Barrier 4 Recommendations to Federal Regulatory and Funding Agencies I.Federal regulatory and funding agencies should work with appropriate stakeholders to develop additional educational materials for IRBs, patients and the public about how to evaluate the benefits and risks of participation in genetics research on human specimens..
Barrier 5 PRIM&R Tissue Banking Working Group Differing and confusing regulatory requirements for obtaining informed consent for the use of specimens in research and the HIPAA Privacy Rule requirement for authorization for the research use of protected health information.
Barrier 5 Recommendations to Federal Regulatory and Funding Agencies J.OHRP should issue guidance clarifying when waiver of informed consent for collection, storage, distribution, and use of specimens in research is appropriate. This should include: i)guidance on determining when research using biological specimens is minimal risk ii)guidance on interpreting the practicability requirement for waiver of informed consent..
Barrier 5 Recommendations to Federal Regulatory and Funding Agencies K.OHRP should provide additional guidance about the use of generalized informed consent for future research use of specimens and associated data and develop acceptable consent models for specimen banking. L.FDA should explore additional approaches to permit specimens and data to be used without consent for minimal risk research..
Barrier 5 Recommendations to Federal Regulatory and Funding Agencies M.DHHS/OCR should explore approaches for removing the requirement that the authorization for research use of protected health information obtained from a research repository or database be study-specific. N.The Privacy Rule should be revised to allow authorization for use of protected health information collected as part of a clinical trial to cover both research and banking activities. O.The Privacy Rule requirement to account for disclosures of protected health information pursuant to a waiver of authorization should be eliminated..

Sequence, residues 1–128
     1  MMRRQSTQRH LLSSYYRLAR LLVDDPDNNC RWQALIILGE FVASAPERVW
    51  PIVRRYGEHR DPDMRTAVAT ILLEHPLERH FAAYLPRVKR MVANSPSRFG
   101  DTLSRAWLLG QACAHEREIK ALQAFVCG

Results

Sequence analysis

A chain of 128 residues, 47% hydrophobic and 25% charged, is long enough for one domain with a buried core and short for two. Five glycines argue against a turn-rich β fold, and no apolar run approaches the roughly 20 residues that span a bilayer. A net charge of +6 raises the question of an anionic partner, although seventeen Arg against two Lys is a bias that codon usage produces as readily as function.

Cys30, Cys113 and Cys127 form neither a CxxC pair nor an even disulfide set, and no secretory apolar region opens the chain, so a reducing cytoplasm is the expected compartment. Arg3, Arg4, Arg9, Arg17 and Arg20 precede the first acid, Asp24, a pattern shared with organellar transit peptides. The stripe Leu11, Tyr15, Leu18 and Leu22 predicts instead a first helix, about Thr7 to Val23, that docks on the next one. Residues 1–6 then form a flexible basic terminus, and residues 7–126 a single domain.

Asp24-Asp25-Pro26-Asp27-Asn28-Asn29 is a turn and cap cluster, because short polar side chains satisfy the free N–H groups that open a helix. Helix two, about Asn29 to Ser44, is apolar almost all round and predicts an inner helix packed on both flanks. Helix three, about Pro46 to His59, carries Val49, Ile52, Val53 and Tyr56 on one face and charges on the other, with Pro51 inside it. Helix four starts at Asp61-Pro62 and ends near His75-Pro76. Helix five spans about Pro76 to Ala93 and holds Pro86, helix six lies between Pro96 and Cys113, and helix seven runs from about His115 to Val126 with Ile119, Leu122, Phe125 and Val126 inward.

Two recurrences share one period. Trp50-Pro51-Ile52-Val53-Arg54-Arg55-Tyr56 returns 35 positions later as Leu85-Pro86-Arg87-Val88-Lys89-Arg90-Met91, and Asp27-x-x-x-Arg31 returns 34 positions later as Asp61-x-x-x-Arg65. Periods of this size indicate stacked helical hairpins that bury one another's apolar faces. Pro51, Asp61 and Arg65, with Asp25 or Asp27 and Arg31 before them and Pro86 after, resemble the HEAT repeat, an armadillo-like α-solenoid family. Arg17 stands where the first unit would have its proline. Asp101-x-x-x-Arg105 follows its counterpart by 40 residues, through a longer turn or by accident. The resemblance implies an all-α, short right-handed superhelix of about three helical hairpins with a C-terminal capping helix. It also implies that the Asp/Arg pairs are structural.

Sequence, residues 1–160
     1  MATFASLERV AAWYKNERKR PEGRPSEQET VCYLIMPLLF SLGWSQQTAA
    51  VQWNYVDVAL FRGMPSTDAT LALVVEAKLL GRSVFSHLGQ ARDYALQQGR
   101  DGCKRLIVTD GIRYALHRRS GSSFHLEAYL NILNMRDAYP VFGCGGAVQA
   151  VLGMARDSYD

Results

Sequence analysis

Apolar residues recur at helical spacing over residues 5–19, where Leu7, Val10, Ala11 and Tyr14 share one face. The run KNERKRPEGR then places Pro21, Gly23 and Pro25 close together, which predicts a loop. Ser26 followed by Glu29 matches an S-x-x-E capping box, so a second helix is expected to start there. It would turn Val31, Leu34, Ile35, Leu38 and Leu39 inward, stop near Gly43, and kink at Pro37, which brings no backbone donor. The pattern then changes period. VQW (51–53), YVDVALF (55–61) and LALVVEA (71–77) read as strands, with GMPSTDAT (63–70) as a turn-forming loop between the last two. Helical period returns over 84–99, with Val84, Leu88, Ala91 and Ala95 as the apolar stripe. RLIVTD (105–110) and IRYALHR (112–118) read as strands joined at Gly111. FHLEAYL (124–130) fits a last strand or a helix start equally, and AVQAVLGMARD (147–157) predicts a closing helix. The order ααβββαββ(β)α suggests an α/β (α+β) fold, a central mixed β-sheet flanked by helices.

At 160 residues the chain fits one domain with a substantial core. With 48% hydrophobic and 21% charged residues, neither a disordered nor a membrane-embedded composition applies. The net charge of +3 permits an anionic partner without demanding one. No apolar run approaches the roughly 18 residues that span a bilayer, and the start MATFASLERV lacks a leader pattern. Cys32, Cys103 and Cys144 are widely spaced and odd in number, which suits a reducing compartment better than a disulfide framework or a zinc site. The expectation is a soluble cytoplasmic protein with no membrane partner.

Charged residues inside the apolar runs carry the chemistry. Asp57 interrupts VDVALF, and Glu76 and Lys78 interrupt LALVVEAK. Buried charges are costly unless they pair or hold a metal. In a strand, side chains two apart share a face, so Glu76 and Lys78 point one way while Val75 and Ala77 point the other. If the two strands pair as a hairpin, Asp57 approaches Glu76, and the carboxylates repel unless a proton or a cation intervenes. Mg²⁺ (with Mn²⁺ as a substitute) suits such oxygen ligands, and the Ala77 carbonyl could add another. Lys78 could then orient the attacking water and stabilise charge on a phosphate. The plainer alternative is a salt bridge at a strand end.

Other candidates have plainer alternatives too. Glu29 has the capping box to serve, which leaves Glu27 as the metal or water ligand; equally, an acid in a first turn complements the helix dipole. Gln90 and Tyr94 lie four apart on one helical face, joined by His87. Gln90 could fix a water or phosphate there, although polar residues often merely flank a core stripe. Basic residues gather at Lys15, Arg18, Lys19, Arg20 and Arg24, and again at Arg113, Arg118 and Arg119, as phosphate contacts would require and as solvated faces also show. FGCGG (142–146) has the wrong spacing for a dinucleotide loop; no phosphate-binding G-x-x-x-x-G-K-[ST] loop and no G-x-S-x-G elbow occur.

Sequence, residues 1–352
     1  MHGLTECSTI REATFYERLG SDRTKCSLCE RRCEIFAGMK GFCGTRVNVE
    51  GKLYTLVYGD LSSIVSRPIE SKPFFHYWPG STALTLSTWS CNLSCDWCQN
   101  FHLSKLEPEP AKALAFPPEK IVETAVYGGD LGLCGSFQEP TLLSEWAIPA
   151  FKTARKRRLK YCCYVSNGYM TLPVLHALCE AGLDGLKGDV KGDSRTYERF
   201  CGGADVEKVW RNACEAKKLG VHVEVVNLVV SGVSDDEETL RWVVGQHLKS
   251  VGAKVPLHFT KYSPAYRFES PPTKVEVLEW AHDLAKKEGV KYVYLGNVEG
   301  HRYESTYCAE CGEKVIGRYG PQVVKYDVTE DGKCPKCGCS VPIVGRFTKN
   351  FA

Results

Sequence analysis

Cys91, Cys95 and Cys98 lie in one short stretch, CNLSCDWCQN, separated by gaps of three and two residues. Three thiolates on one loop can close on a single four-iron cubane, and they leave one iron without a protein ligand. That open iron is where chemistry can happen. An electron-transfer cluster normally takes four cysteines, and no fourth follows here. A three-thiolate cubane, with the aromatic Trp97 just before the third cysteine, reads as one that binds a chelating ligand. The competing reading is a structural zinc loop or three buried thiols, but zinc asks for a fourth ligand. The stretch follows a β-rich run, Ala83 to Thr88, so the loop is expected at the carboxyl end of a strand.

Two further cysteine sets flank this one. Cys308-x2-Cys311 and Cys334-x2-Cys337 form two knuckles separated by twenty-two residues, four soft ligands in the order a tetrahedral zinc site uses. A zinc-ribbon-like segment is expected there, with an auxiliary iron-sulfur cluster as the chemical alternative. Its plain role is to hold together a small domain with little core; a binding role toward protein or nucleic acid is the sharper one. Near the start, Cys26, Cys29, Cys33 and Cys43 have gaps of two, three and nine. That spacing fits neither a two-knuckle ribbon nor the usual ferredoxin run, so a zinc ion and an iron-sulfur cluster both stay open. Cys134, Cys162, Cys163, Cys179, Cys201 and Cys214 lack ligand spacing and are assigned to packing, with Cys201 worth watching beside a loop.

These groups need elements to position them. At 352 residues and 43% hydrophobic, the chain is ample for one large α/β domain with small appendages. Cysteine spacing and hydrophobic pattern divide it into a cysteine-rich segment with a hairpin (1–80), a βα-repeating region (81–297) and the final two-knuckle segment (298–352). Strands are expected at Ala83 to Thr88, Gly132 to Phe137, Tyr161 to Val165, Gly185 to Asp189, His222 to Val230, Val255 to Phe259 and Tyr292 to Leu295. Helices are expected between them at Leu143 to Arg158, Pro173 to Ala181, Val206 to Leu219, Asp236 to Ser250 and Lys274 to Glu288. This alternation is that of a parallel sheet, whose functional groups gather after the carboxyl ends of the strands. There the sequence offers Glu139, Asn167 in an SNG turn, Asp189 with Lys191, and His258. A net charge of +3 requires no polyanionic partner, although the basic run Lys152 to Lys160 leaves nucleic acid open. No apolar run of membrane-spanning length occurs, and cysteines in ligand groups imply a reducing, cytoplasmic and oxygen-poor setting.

Barrier 6 PRIM&R Tissue Banking Working Group Practical implementation issues related to informed consent and authorization.
Barrier 6 Recommendations to Federal Regulatory and Funding Agencies P.Funding agencies should support infrastructure to enable institutions to implement processes for routinely obtaining and tracking informed consent for future research use of specimens obtained during the course of medical care. Q.OHRP should consider the acceptability of using alternative approaches to informed consent, such as opt out notification, as a tool to be used in concert with a waiver of consent for future research on residual specimens.
Barrier 7 PRIM&R Tissue Banking Working Group The HIPAA Privacy Rule imposition of additional requirements for research that is covered by the Common Rule, adding unnecessary burden to patients, researchers, IRBs and institutions.
Barrier 7 Recommendations to Federal Regulatory and Funding Agencies R.DHHS should modify the Privacy Rule to exempt research that is subject to the Common Rule because the Common Rule provides appropriate and equivalent protections.
Barriers not addressed, that merit further discussion Lack of clear guidance about how to deal with the complex issues of ownership of specimens, intellectual property considerations with regard to discoveries made using specimens Whether research results should be returned to subjects and if so, how and when.
Other Gnarly Issues Assessing community risk Specimens from children –When minor become majors